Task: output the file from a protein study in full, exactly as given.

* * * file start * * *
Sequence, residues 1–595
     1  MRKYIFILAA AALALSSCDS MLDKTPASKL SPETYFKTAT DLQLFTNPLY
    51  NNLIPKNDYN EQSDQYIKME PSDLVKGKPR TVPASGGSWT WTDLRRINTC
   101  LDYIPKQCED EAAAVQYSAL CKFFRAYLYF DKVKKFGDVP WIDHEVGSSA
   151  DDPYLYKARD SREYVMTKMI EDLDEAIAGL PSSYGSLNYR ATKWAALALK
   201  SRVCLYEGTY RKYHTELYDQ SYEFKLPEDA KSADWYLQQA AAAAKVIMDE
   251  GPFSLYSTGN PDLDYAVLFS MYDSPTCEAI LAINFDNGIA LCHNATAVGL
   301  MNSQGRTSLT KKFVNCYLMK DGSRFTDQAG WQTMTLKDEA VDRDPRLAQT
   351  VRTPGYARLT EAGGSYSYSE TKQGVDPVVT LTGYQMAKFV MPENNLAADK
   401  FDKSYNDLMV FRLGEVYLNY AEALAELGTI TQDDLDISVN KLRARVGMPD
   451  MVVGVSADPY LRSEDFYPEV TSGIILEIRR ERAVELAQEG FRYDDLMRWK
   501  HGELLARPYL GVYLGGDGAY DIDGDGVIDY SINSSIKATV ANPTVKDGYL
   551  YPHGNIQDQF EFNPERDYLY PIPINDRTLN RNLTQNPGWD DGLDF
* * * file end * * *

Sequence, residues 1–595
     1  MRKYIFILAA AALALSSCDS MLDKTPASKL SPETYFKTAT DLQLFTNPLY
    51  NNLIPKNDYN EQSDQYIKME PSDLVKGKPR TVPASGGSWT WTDLRRINTC
   101  LDYIPKQCED EAAAVQYSAL CKFFRAYLYF DKVKKFGDVP WIDHEVGSSA
   151  DDPYLYKARD SREYVMTKMI EDLDEAIAGL PSSYGSLNYR ATKWAALALK
   201  SRVCLYEGTY RKYHTELYDQ SYEFKLPEDA KSADWYLQQA AAAAKVIMDE
   251  GPFSLYSTGN PDLDYAVLFS MYDSPTCEAI LAINFDNGIA LCHNATAVGL
   301  MNSQGRTSLT KKFVNCYLMK DGSRFTDQAG WQTMTLKDEA VDRDPRLAQT
   351  VRTPGYARLT EAGGSYSYSE TKQGVDPVVT LTGYQMAKFV MPENNLAADK
   401  FDKSYNDLMV FRLGEVYLNY AEALAELGTI TQDDLDISVN KLRARVGMPD
   451  MVVGVSADPY LRSEDFYPEV TSGIILEIRR ERAVELAQEG FRYDDLMRWK
   501  HGELLARPYL GVYLGGDGAY DIDGDGVIDY SINSSIKATV ANPTVKDGYL
   551  YPHGNIQDQF EFNPERDYLY PIPINDRTLN RNLTQNPGWD DGLDF